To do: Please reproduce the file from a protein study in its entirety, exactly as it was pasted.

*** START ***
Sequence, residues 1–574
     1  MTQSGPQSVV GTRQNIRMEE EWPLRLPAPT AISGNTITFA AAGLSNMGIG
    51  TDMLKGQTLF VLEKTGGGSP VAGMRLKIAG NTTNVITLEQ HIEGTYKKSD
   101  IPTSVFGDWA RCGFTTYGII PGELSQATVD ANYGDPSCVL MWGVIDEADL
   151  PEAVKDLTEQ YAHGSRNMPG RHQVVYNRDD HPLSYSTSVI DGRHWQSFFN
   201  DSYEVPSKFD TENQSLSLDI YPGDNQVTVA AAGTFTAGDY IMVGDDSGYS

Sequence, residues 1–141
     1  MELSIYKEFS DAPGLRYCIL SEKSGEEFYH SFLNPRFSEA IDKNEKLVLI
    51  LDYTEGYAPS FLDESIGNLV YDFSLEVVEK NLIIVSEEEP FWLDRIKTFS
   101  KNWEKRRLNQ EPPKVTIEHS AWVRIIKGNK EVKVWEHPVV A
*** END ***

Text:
Sequence, residues 1–574
     1  MTQSGPQSVV GTRQNIRMEE EWPLRLPAPT AISGNTITFA AAGLSNMGIG
    51  TDMLKGQTLF VLEKTGGGSP VAGMRLKIAG NTTNVITLEQ HIEGTYKKSD
   101  IPTSVFGDWA RCGFTTYGII PGELSQATVD ANYGDPSCVL MWGVIDEADL
   151  PEAVKDLTEQ YAHGSRNMPG RHQVVYNRDD HPLSYSTSVI DGRHWQSFFN
   201  DSYEVPSKFD TENQSLSLDI YPGDNQVTVA AAGTFTAGDY IMVGDDSGYS

Sequence, residues 1–141
     1  MELSIYKEFS DAPGLRYCIL SEKSGEEFYH SFLNPRFSEA IDKNEKLVLI
    51  LDYTEGYAPS FLDESIGNLV YDFSLEVVEK NLIIVSEEEP FWLDRIKTFS
   101  KNWEKRRLNQ EPPKVTIEHS AWVRIIKGNK EVKVWEHPVV A